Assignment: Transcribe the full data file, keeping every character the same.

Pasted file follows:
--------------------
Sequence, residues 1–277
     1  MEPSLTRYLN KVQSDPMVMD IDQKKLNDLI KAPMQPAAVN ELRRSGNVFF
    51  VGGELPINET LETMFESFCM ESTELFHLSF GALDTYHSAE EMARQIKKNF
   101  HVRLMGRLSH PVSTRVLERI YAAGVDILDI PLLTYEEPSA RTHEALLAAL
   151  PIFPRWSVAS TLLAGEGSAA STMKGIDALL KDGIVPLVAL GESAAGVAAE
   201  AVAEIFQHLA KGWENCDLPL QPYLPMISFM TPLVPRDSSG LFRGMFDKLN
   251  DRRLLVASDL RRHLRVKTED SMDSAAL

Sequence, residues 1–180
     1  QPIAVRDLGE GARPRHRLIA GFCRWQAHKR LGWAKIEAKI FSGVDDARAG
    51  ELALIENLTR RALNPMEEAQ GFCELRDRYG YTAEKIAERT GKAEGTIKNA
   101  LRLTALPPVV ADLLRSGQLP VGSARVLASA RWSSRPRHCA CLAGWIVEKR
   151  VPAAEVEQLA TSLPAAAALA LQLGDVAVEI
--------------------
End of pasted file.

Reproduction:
Sequence, residues 1–277
     1  MEPSLTRYLN KVQSDPMVMD IDQKKLNDLI KAPMQPAAVN ELRRSGNVFF
    51  VGGELPINET LETMFESFCM ESTELFHLSF GALDTYHSAE EMARQIKKNF
   101  HVRLMGRLSH PVSTRVLERI YAAGVDILDI PLLTYEEPSA RTHEALLAAL
   151  PIFPRWSVAS TLLAGEGSAA STMKGIDALL KDGIVPLVAL GESAAGVAAE
   201  AVAEIFQHLA KGWENCDLPL QPYLPMISFM TPLVPRDSSG LFRGMFDKLN
   251  DRRLLVASDL RRHLRVKTED SMDSAAL

Sequence, residues 1–180
     1  QPIAVRDLGE GARPRHRLIA GFCRWQAHKR LGWAKIEAKI FSGVDDARAG
    51  ELALIENLTR RALNPMEEAQ GFCELRDRYG YTAEKIAERT GKAEGTIKNA
   101  LRLTALPPVV ADLLRSGQLP VGSARVLASA RWSSRPRHCA CLAGWIVEKR
   151  VPAAEVEQLA TSLPAAAALA LQLGDVAVEI